Thursday, December 25, 2014

Merry Christmas!

Tuesday, December 23, 2014


Bloggers do it for nothing.

Well, almost all of us do it for nothing.  I certainly do it for nothing anyway.

Well that's not exactly true.  I blog because I get enjoyment from telling stories and from helping others solve problems.

But every so often, something great just falls out of the sky...  in the blogosphere, there is a way that bloggers recognize other bloggers: the Liebster Award.  Like those coupons in the newspaper, it has no cash value (rats!).  But it is a huge honor to receive, because it is bestowed by those who know the business best: your fellow bloggers.

Aside from the awarding of honor to a fellow blogger, one of the purposes of the Liebster Award is to bring recognition to bloggers with small followings - bloggers who have a following less than that which they might deserve.  We certainly fit into that category here.  Well, the "small following" part anyway.

Like most things on the InterTubes, the meme of the Liebster Award has morphed as it was passed from blogger to blogger, thus there are any number of rules associated with it.  This is the set I like and choose to follow.  Except for that nagging and presumably arbitrary "11" part.

Thank you Brian, of Dock Six Chronicles for nominating Small Boat Projects for the Liebster!  But I cannot in good conscience take credit for the award.  This is a community blog - it exists only because of its contributors (over there on the right).  The Liebster belongs to them, not to me.  Because of that, my response is going to be a little unconventional - it will come in two parts.  First, I will answer the questions posed by Brian myself, because I cannot imagine any way to get 35 (if I counted right) folks to agree on answers:

What cruising destinations are on your sailing bucket list?
  • BVIs
  • Bahamas
  • Barkley Sound
  • Obviously (or perhaps not...) the first two would involve bareboat charters.

What piece of gear onboard did you purchase in the belief it would be essential, yet has hardly been used?
  • A Happy Hooker.  Eolian's bow is a long way above the water.  Hooking the ring on a mooring buoy and then lifting that really heavy chain up high enough to thread a line thru is a task that takes both of us.  After pulling the bronze end off of our boat hook at Fort Flagler State Park, we bought a Happy Hooker thinking that would make it much easier.  But we have not taken a buoy since that event.  Frankly, anchoring is just easier.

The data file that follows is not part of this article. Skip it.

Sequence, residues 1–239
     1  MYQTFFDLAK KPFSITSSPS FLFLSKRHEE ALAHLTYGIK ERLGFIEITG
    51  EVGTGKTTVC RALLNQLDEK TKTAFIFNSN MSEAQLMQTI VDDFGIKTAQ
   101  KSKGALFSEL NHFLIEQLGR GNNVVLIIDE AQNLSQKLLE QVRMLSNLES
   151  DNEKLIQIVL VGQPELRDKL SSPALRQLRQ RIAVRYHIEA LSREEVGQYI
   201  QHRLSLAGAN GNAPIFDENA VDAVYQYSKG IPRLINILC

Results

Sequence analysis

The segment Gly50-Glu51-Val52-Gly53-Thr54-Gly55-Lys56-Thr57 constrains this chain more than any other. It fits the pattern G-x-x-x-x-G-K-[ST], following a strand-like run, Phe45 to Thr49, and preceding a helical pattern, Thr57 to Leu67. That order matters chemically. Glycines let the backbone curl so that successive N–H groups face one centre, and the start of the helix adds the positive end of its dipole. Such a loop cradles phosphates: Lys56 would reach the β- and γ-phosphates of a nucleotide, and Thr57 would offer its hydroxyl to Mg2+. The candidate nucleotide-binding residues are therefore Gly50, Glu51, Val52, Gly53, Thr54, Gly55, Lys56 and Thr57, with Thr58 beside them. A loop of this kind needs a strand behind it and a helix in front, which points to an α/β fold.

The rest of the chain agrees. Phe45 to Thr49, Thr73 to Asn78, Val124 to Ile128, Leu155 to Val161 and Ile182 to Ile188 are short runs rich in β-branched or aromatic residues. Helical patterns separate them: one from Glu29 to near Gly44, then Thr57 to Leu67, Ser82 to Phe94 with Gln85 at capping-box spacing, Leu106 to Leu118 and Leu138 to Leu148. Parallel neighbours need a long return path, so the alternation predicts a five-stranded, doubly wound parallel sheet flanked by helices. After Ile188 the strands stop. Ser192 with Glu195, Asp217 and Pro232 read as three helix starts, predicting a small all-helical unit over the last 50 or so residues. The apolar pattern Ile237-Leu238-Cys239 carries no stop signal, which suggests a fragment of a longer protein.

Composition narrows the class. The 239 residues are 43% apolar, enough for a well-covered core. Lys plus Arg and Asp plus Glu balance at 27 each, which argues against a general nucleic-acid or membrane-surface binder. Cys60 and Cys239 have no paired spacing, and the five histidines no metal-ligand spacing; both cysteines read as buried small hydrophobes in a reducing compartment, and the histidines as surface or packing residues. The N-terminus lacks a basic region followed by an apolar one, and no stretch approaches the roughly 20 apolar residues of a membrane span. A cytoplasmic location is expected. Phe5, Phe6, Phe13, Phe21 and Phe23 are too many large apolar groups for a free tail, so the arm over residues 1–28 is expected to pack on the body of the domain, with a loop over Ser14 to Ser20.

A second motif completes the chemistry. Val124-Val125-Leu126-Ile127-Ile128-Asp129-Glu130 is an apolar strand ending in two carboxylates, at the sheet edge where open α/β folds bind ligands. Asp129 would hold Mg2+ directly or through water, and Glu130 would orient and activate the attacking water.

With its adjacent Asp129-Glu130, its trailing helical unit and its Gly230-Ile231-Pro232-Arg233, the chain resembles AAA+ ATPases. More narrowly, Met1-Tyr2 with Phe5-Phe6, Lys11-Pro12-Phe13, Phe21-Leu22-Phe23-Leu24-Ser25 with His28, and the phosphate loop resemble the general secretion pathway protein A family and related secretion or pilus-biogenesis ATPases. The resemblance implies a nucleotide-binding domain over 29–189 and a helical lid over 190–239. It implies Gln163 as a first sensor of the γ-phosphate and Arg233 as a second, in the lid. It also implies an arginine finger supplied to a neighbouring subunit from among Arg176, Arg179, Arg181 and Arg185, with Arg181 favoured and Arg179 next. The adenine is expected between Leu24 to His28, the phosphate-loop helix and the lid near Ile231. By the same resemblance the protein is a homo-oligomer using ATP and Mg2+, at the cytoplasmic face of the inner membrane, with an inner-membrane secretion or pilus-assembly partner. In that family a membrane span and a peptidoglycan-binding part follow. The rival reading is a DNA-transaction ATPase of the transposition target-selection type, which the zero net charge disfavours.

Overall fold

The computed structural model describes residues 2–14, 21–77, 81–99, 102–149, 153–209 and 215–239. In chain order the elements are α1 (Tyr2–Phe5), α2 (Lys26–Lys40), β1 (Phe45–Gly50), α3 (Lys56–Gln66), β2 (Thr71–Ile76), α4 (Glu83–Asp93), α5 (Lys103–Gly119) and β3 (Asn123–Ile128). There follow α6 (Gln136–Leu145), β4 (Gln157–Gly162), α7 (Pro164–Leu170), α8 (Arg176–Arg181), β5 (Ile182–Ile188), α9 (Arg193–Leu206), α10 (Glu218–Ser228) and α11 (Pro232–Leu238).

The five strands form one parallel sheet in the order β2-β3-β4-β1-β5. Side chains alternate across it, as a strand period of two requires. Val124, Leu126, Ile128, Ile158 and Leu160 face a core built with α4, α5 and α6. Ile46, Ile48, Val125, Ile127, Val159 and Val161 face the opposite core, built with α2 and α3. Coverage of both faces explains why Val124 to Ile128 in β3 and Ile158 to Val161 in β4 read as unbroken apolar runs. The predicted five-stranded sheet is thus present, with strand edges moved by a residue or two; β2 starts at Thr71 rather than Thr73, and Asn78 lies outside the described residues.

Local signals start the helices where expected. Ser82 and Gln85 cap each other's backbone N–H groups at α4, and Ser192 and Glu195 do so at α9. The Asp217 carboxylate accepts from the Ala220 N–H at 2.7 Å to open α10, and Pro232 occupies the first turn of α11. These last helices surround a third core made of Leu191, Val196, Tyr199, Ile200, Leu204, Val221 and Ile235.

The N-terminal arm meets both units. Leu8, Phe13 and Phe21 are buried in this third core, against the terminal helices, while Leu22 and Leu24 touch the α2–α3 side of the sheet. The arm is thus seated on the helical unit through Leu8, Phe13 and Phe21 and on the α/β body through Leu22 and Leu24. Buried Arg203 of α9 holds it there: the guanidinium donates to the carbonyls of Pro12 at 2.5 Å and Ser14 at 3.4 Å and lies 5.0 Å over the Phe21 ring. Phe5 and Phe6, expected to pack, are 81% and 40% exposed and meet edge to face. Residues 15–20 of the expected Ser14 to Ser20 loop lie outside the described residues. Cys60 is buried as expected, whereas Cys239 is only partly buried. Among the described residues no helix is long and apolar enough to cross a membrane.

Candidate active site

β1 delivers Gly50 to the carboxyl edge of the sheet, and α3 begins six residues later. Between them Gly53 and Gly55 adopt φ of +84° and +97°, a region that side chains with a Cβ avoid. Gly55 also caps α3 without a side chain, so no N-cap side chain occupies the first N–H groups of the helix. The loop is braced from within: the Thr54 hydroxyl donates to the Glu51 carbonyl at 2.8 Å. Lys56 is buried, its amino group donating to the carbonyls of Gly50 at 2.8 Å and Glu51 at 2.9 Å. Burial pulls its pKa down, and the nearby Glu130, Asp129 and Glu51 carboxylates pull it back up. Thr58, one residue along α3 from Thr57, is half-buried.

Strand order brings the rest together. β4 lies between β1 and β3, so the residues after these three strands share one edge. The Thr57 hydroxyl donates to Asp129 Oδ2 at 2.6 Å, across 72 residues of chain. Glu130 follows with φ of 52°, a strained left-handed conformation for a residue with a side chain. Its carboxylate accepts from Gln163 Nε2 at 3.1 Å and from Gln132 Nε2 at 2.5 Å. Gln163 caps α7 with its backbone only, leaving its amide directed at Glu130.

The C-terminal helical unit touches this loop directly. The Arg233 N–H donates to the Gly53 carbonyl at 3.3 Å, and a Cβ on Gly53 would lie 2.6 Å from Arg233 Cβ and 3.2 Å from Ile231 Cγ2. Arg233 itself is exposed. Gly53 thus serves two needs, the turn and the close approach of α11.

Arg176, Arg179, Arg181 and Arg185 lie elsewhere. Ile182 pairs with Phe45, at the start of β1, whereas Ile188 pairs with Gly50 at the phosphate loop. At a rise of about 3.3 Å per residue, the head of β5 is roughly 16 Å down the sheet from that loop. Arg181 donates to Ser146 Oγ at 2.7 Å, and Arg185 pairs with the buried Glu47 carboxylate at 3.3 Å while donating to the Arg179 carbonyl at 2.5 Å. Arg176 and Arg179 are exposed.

What was your longest passage?
  • Define "passage". If you mean the longest distance over which the boat was in continuous motion,
What has been your scariest, "I'm gonna die!"  moment?
  • We were at the south end of the Strait of Georgia, coming up on a lee shore at Silva Bay in a howling downwind gale.  Jane went forward to douse the sails, but just as she got to the mast, the staysail jibed and its boom knocked her over.  From where I was at the helm, I couldn't see her - my heart was in my mouth because I feared she had been knocked overboard.  Then she stood up, holding her head.

    Things like this don't happen on a calm sunny day - they almost always happen at the worst possible moment.  If she had gone overboard, even on her tether, I would have been faced with a man overboard incident while roaring down on a lee shore with the sails still up, singlehanded.  Oh yeah, and the water was lethally cold.

    Yeah, it scared the daylights out of me.
What tools do you keep aboard?
  • All of 'em.  No, really.  It's a fetish that Jane has to live with, but we have enough tools aboard Eolian to handle just about any eventuality, short of a complete engine rebuild, maybe.  He who dies with the most tools, wins, right?  And besides it is a two-way street: I have to live with Jane's shoes.
What has been your most satisfying sailing accomplishment?
  • I think I would award this to out trip to Desolation Sound.  We were off the dock (off any dock) for more than 30 days, a simulated trip to the Marquesas, but without the warm water.  The only thing we ran out of was stowage for garbage.
How has your sailing life changed you?